Oil prices likely to remain under pressure for some time, experts say
Stuart Cole, chief macroeconomist at Equiti Capital. – Photos provided
The UAE’s stock market should brace for a period of consolidation rather than expansion, says a leading expert.
Stuart Cole, chief macroeconomist at Equiti Capital, said that as recession fears intensify, companies will be less interested in participating in fundraising activities such as IPOs until the global environment improves again. “The start of the year has been bright for UAE equities, but looking ahead looks more challenging, not just for the UAE but for global equities as well,” Stewart told Khaleej Times.
Cole has over 25 years experience in banking and foreign exchange. His previous roles include working at the Bank of England in the City of London as an Economist in the International Department.
Cole said OPEC+’s production cuts hadn’t really produced the effect the group had hoped to engineer, namely a material increase in global oil prices. “The initial rebound in prices after the announcement proved short-lived, reflecting both a faltering global economic recovery and concerns that major central banks will continue to raise interest rates further to keep inflation in check but to push the domestic economy into recession. For the price,” he added.
One reason behind the production cuts, according to Cole, is to take advantage of expected growth in oil demand from a recovery in economic activity in China, a key market for oil, after the zero-coronavirus policy ends. “However, this recovery – and the consequent pick-up in oil demand – has not materialized and has effectively removed the expected support for oil prices,” he added. Find yourself having to live with lower gas prices.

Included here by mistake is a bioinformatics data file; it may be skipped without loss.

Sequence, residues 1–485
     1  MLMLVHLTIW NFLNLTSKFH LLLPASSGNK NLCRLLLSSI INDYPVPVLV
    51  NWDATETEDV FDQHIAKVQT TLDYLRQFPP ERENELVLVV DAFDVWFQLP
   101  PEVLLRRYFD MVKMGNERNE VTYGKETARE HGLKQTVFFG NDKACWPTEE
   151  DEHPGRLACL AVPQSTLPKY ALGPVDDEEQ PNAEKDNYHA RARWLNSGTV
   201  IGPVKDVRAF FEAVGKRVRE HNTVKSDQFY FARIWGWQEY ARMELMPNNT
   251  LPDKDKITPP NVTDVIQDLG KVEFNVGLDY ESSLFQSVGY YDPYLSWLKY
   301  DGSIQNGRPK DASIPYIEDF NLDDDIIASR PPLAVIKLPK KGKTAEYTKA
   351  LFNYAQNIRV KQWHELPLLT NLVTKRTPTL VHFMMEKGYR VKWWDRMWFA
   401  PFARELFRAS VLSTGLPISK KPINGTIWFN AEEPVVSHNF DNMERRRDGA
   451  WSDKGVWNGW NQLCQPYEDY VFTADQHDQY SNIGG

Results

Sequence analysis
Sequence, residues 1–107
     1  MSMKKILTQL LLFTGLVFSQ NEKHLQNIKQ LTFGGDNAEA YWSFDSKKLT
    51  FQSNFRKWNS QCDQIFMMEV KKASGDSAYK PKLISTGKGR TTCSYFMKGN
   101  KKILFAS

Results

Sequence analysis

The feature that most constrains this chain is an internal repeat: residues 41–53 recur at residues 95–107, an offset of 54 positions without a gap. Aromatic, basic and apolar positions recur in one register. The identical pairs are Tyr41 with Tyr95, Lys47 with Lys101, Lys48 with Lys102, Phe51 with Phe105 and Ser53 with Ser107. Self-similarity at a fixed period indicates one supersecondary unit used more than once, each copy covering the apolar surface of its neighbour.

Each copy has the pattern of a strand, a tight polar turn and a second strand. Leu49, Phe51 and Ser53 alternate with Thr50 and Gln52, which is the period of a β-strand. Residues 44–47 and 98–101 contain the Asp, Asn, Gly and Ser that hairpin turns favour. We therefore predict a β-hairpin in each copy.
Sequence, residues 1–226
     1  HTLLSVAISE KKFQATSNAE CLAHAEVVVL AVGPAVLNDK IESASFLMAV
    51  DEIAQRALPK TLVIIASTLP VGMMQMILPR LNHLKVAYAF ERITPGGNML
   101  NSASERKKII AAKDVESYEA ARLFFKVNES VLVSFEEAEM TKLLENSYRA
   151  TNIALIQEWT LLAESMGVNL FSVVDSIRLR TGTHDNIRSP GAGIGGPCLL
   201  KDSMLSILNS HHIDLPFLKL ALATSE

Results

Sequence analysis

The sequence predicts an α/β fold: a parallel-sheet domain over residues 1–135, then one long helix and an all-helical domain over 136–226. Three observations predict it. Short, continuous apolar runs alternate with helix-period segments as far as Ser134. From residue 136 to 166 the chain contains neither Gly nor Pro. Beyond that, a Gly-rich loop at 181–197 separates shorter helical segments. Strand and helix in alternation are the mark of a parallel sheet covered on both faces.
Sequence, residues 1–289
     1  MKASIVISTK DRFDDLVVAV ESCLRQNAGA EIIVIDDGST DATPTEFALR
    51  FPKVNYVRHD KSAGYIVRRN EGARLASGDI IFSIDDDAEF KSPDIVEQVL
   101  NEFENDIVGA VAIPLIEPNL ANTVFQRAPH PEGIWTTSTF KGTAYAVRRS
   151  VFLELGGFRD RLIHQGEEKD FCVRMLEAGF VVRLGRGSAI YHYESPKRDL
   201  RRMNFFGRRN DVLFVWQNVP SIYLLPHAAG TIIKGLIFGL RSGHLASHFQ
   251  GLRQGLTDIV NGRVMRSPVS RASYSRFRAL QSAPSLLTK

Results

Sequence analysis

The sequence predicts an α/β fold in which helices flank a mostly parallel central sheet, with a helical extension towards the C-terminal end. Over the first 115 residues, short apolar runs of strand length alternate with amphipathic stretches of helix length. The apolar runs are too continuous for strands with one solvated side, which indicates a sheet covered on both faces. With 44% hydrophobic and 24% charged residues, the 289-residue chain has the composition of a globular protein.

Cole believes that the worst inflationary pressures from Russia’s war on Ukraine are now behind us. “Global food and energy prices are now on a downward trajectory as the initial shock of the invasion has been overcome and the world economy has managed to adjust to its legacy of price increases,” he said.
According to Cole, the possibility of a global recession remains a threat for a number of reasons. First, the threat of a U.S. recession looks increasingly likely, despite the Fed’s continued hawkish tone. “The impact of the banking crisis and curtailment of credit to the real economy, combined with capital investment plans and declines in inventories, will lead to a real decline in aggregate consumption as excess savings eventually run out. The full impact of the 475 basis points of tightening has been delivered so far So far, it has not been fully felt, and a period of negative growth seems inevitable,” he said.
The latest German growth figures also painted a worrying scenario for output in the euro zone, while the European Central Bank made it clear that further rate hikes are needed to bring rates back under control if inflation is to be bought. It seems unlikely that the euro zone will pick up any slack left by the slowing US economy.
Third, the expected rebound in economic activity in China after abandoning its zero-coronavirus policy has not really happened, and the outlook for the future is not optimistic. “Key manufacturing, which used to be the main driver of global growth, is struggling and is not providing the backbone of global growth that it once did,” Cole said.
Disclaimer: The views expressed in this article do not constitute the views of Equiti Capital nor do they constitute investment advice. Readers are advised to conduct their own research before investing.